Consent management is changing - here's why

Our personal data has never been more in-demand than it is today. From social media to online applications, we’re constantly asked to share our data, while for years third-party ‘cookies’ have tracked our movements around the internet and have been used by brands to target us with marketing information.

However, the rules around acquiring personal data are changing, and it’s critical for businesses to educate themselves on the latest consent management and what they need to do to stay compliant in 2024 and beyond.

So what are the latest consent management changes, how might they affect your organisation, and how can Digital Asset Management help you stay on top of it?

READ MORE: Consent management challenges - and how to overcome them

What are internet ‘cookies’?

Cookies are used to identify you on the web. There are various use cases for cookies, including remembering usernames and passwords, products added to an online shopping basket, previous search queries and much more.

This data is stored in text files that are saved to your browser and contain a unique ID that is used to identify you. When your computer connects with a website or application this cookie is exchanged with the network server, which then reads the ID to decide which information to serve you with.

Types of internet cookie include:

  • Session cookies, also known as temporary cookies, which help website servers recognise users for the duration of that ‘session’ (time spent on the website between loading it and closing the browser). Once the session ends, these cookies are deleted.
  • Permanent cookies, for example those used to remember login information. These cookies are retained beyond the end of a web session.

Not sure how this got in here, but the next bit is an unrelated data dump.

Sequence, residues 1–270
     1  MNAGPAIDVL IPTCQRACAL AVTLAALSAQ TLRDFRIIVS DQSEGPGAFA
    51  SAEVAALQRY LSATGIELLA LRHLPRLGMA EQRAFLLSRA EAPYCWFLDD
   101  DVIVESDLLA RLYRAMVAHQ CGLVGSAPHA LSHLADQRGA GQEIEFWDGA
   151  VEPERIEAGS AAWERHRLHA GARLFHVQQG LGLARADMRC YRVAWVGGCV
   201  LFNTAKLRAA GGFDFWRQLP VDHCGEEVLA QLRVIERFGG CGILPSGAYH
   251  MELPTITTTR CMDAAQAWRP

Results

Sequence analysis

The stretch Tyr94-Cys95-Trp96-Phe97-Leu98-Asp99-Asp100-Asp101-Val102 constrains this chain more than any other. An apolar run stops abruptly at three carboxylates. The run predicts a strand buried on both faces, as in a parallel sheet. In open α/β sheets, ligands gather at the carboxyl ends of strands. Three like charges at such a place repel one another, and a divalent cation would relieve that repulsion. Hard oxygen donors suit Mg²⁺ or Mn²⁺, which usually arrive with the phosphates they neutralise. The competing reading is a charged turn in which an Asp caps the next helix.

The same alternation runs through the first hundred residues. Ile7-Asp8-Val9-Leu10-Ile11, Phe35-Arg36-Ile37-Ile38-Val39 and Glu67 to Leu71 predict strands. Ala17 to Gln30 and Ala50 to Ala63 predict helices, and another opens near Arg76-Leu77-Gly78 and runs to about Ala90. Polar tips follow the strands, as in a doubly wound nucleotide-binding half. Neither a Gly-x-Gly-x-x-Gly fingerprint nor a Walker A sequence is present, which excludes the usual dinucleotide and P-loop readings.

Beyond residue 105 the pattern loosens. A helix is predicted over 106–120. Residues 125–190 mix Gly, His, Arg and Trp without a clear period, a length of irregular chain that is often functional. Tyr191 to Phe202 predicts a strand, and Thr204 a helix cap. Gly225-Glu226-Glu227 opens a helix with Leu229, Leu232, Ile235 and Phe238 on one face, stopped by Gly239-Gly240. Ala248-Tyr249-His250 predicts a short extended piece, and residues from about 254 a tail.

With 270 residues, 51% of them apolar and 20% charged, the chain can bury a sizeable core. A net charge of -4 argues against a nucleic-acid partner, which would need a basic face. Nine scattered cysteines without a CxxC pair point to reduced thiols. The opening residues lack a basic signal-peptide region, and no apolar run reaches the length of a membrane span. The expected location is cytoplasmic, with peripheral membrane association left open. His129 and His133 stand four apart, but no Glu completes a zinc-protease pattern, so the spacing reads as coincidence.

• First-party cookies, installed directly by the website domain and  used to collect analytics data and perform other functions aimed at improving the user experience.
  • Third-party cookies, installed by third parties and  collect information including behavioural, demographic and spending data. They are typically used by advertisers to serve previous website visitors with online ads.
  • Flash cookies, which, unlike session and permanent cookies, are independent of the web browser and are stored on a user’s computer. These cookies also remain even after they’ve been deleted from the browser.
  • Zombie cookies, a type of flash cookie that is automatically recreated even after a user has deleted them from their computer. Because zombie cookies are hard to detect and manage, they are often used to install malicious software onto a device.

What are the consent management changes?

The big change you need to be aware of is that support for third-party cookies is ending for all major web browsers. This means that, if your organisation uses third-party cookies for ad retargeting, you’re not going to be able to reach your target audience in the way you used to. 

Note that support for third-party cookies is being phased out gradually. Google enabled restrictions in its Chrome browser for 1% of global users as of 4th January 2024 as an initial evaluation phase, but this rollout is expected to continue for the remaining Chrome users between July and December 2024.

These changes don’t amount to a change in the law. The EU’s GDPR (and UK GDPR) has required organisations to inform users of their cookie policy and how they intend to use cookies, as well as provide users with the option to reject them for a number of years. The phasing out of third-party cookies by web browsers is in response to users’ privacy concerns, as well as making it easier to comply with various consent and privacy legislation.

What does this mean for your consent management processes?